I know the meaning of stress when I see brides crumple in frustration at an ill-fitting dress or when a groom shows up late for the ceremony. I feel it myself when the family is fighting during the wedding, the weather is too hot, or the venue is not photogenic. You can usually remedy a lot and years later, the camera did lie. Everything looks peaceful and elegant. Thankfully, I often work in places where I can tote along my outdoor misting fan to help me keep my cool.
I remember one July when the temperature hit 105 and the tempers hit the ceiling. They rose steadily as the wedding wore on. Everyone was sweating profusely. The bride and maid of honor kept wiping their dripping foreheads, mussing their makeup. It was just plain humid. How was I going to get around this? Shininess gleamed off the faces like morning dew that was starting to heat up into steam droplets. So much pressure. The wedding party, from the bride and groom to the mothers in law, were demanding that I get great photos. Nothing would do for posterity but perfection. The problem was: the circumstances were not conducive to anything even close.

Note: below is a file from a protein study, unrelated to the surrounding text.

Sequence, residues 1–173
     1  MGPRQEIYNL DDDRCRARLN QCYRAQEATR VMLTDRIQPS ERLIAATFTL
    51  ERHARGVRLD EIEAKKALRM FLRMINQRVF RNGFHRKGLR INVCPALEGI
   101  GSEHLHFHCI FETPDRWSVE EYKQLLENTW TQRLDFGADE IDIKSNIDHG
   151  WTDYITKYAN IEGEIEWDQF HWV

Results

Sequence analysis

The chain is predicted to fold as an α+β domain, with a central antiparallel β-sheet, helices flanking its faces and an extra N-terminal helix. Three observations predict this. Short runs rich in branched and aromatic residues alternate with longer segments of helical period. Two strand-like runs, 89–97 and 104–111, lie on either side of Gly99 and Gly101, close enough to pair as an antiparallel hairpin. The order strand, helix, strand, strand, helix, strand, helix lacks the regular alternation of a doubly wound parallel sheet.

We ordered fans from the hotel and a few on stands were available. They were fairly good quality fans, some like the floor fan reviews here. We placed them strategically but then the bride’s hairdo flew apart like a bird’s nest gone wild. The bridesmaids were getting fuzzy and wilted at the same time. I was in a panic.
Taking a few close shots from a portable mister fan, I mustered up some courage. I called a friend to rush over with pots of makeup and cakes of face powder. Hair spray was to be included: cases of it. The wedding party looked frightful by the time she arrived, box of tricks in tow. They were grateful for some much-needed reparation. They did look better about 30 minutes later. When their moods cooled down, so did their body temperature and ultimate appearance.
I lined them up in the requisite positions and aimed the camera. It was hard to get smiles but a few jokes sparked a few grins. The first effort was meager but I kept at it. Click, click. The camera did its work. I cropped, focused, removed red eyes, enhanced the color, and voila! The wedding party looked less frazzled, even pretty good.
The weary bride grabbed the camera while I was on break. A smirk soon broke into a real smile. “I look good,” she beamed almost not believing her eyes. I had done a little editing, working my best tricks. She thanked me and ran back to her waiting guests. Dancing that day wasn’t vigorous but there was joy in the air. I got other good snaps throughout the event and was pleased with the results. Not having expected much, it turned out to be a big photographic success.
Let that be a lesson. Weather permitting, or not, you can make do with what you have and call on extra help if needed. You have to keep your cool and go with the flow, such as it is.